The Nizkor Project: Remembering the Holocaust (Shoah)
Nuremberg, war crimes, crimes against humanity

The Trial of German Major War Criminals

Sitting at Nuremberg, Germany
4th April to 15th April, 1946

One Hundred and First Day: Saturday, 6th April, 1946
(Part 3 of 6)

[SIR DAVID MAXWELL FYFE continues his cross examination of Wilhelm Bodewin Johann Gustav Keitel]

[Page 77 ]

Q. So that in 1944 you had to make a still more severe order. Would you look at Document D-762.

SIR DAVID MAXWELL FYFE: My Lord, that will become Exhibit GB 298.

Q. It says:

"The constant increase in acts of terror and sabotage in the occupied territories, committed more and more by bands under unified leadership, compels us to take the sternest counter-measures in a degree corresponding to the ferocity of the war which is forced upon us. Those who attack us from the rear at the crisis of our fight for existence deserve no consideration.

I therefore order:

All acts of violence committed by non-German civilians in the occupied territories against the German Armed Forces, the S.S. or the Police, or against installations used by them, are to be combated in the following manner as acts of terrorism and sabotage:

(1) The troops, the S.S., etc.... are to shoot down on the spot ... all terrorists and saboteurs.

(2) Those who are apprehended later are to be handed over to the Security Police and the S.D. office.

Accomplices, especially women, who take no active part in the fighting, are to be employed on labour. Children are to be spared."
Now, would you look at paragraph 2:
"The Chief of the O.K.W. will issue the necessary executive instructions. He is entitled to make alterations and additions as far as the exigencies of war operations require."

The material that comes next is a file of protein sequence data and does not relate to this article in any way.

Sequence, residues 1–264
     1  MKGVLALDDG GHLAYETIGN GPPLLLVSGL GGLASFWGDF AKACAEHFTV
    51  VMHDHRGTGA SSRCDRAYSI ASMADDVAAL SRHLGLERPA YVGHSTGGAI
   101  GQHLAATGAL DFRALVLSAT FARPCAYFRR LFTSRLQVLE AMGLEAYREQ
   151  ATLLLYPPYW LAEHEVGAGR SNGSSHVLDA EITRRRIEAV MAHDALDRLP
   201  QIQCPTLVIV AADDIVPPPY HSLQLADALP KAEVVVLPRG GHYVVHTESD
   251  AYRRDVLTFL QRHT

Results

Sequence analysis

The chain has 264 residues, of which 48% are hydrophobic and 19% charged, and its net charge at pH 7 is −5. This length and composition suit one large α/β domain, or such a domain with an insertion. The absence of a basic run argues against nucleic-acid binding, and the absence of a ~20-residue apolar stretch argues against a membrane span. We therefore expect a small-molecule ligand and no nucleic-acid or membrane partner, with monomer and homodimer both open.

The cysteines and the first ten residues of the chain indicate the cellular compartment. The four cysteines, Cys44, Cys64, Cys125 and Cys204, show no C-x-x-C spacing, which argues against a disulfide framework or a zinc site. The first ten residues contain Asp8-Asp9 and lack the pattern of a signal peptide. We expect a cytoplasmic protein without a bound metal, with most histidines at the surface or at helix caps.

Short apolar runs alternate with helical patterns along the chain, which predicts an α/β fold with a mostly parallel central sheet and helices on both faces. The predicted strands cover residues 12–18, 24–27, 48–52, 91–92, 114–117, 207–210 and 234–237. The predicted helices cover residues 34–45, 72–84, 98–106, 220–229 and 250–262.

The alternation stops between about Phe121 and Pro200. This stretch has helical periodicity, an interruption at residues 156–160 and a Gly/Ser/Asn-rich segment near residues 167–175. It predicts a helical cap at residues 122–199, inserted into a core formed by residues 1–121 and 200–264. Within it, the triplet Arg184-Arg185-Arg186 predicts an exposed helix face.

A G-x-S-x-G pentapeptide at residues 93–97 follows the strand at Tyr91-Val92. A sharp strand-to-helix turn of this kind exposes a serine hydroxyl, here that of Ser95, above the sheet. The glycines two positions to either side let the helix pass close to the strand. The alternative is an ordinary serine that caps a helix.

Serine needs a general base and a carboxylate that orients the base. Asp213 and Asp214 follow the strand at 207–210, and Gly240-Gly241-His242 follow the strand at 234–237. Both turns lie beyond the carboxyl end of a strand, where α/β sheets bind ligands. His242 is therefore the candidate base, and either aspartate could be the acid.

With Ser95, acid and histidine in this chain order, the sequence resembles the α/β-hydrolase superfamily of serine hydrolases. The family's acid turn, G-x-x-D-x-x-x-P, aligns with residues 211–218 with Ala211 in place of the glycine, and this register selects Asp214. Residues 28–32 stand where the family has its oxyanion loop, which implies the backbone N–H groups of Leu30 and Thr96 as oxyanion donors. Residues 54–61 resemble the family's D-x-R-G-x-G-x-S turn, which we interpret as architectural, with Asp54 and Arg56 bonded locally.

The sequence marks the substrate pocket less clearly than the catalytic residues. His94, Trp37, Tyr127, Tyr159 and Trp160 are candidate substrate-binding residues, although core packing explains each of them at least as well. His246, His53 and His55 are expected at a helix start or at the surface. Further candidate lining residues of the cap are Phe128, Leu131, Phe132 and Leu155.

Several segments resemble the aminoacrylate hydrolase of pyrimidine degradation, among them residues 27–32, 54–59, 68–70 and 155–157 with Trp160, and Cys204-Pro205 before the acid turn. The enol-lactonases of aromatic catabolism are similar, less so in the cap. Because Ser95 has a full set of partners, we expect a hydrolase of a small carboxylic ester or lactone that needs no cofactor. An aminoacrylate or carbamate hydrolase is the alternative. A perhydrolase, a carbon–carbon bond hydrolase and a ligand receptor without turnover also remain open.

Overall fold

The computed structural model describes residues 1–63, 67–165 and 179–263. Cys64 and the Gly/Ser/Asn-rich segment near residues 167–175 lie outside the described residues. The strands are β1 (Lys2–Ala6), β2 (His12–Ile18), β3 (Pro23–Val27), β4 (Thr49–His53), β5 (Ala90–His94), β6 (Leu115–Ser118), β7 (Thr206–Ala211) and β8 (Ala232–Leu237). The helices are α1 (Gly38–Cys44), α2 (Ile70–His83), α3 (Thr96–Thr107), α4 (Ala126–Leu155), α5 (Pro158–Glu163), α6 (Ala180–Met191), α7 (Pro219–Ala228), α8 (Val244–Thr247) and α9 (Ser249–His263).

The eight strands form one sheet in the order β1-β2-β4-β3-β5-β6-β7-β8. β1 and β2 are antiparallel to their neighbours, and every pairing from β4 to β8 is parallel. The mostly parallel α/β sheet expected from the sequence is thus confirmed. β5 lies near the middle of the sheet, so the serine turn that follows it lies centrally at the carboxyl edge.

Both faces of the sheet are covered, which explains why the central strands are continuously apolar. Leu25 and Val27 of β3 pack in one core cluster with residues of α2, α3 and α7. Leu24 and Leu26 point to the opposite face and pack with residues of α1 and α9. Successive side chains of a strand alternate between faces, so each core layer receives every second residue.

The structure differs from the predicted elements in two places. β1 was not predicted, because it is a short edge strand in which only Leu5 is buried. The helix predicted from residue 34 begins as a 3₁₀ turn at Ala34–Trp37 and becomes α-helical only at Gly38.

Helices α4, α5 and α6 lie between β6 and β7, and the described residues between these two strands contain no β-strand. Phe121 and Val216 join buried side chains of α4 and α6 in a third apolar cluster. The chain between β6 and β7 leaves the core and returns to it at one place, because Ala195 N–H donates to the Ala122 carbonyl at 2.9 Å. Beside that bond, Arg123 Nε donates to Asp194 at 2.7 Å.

[Page 78]

Did you think that that was a cruel and severe order or not?

A. Yes, I did.

Q. Now, you had authority to make alteration's and additions. Did you, by your alterations and additions, attempt to mitigate the severity of that order in any way?

A. I have no recollection of having issued any additional orders to mitigate its severity. I may also say that I would never have issued anything without first presenting it to the Fuehrer.

Q. Just let us see what you did issue. Would you look at Document D-764, which will be Exhibit GB 299, paragraph 4?

Now, that is your executive order, countersigned, I think, by the Senior Military Judge, putting forward your order based on that decree, and would you look at paragraphs 4 and 5.

"All legal proceedings now going on in connection with acts of terrorism, sabotage or other crimes committed by non-German civilians in the occupied territories which imperil the security or tactical preparedness of the occupying power are to be suspended. Charges are to be dropped. Sentences already pronounced are not to be carried out. The culprits are to be handed over with a report on the proceedings to the nearest local Security Police and S.D. office. In the case of death sentences which have already been legally passed, the regulations now in force will continue to apply.

Crimes affecting German interests but which do not imperil the security or tactical preparedness of the occupying power do not justify the retention of jurisdiction over non-German civilians in the occupied territories. I authorise the Commanders of the occupied territories to draw up new regulations in agreement with the higher S.S. and Police Chiefs."

And then you ask them to consider a regulation handing them over to the S.D. for forced labour.

That was certainly not mitigation of the order, was it? You were not making it any easier.

A. There are a few sentences to be added here. This arose out of the daily discussion of these matters, which I dealt with later, on the same lines as the first decree. I made suitable annotations, and signed them.

Q. Well, now, that is what you called terrorism and sabotage. Let us look at what happened to people who were guilty of something less than terrorism or sabotage. Look at Document D-763, which becomes Exhibit GB 300.

"Non-German civilians in the occupied territories who endanger the security or tactical preparedness of the occupying power otherwise than through acts of terrorism and sabotage are to be handed over to the S.D. Section 1, No. 3 ..." - that is the part that says women will be employed on labour and children will be spared - "of the Fuehrer's order also applies to them."
Well, you knew perfectly well what would happen to anyone who was handed over to the S.D., that he would probably be killed, certainly be put into a concentration camp, did you not?